Difference between tax deductions, adjustments, credits & exemptions

Last Revised on December 25, 2010

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Tax season is almost here already and many people who are too much familiar with filing taxes may be wondering about the most commonly used terminologies and the differences among them. Some of them are easy to guess and understand, whereas others are difficult to know what they really mean. We will try to simply them here

What’s the difference between tax deductions, adjustments, exemption and credits?

All of them help reduce your taxes, but they all do it differently. Here is how:

Exemptions are tax breaks granted by the government. We saw a lot of tax breaks in the recent years and especially this year 2010 due to tough economy. When you file tax return, you are entitled to exemption to yourself and your dependents who could be children under your care and older adults living at home with you.

Deductions are however little bit different, even though it yields tax breaks too. Deductions come from your expenditures, money you spent on items that government considers are very helpful and thus deserve tax cuts. Most popular tax deductions are student loans and payments. When you fill out tax return, you have a space called Adjusted Gross Income, which you reach after adding all your income from different sources. Tax deductions helps lower this amount by deducting the eligible expenses from that gross income. You can either make it standardized deduction or itemized deduction. Everybody qualifies for deductions regardless of their income level.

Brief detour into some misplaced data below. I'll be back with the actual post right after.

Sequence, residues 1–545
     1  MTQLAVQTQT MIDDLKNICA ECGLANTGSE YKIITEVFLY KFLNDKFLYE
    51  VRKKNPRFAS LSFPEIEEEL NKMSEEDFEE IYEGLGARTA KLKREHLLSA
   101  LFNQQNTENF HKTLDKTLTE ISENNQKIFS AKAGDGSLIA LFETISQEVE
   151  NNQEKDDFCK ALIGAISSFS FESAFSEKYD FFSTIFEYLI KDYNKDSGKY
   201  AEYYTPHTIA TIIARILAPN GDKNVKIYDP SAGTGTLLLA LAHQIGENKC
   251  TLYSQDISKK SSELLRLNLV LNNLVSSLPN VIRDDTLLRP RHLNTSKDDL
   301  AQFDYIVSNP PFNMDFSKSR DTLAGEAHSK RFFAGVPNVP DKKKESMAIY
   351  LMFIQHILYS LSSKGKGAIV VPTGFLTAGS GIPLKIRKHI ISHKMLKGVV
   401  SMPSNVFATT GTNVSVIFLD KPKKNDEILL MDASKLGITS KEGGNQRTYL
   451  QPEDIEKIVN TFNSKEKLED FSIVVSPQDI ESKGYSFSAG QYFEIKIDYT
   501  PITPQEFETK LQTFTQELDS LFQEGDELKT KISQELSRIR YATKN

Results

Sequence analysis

Tax credit is different than exemptions and deductions in that it helps reduce your taxes dollar for a dollar amount. For example, you get tax credit when you buy a new home or hybrid car or energy star appliances, they benefits the economy or the environment. Tax credit is determined after your income tax bracket is figured out; therefore, not everybody qualifies for tax credits since it is based on income unlike tax deductions.

Adjustments are also known as Above the Line Deductions. They directly reduce your income since they are payments that you are making. For example, if you own a small business and are self employed then you might have to pay for employee health insurance. This amount can be used to reduce your income.

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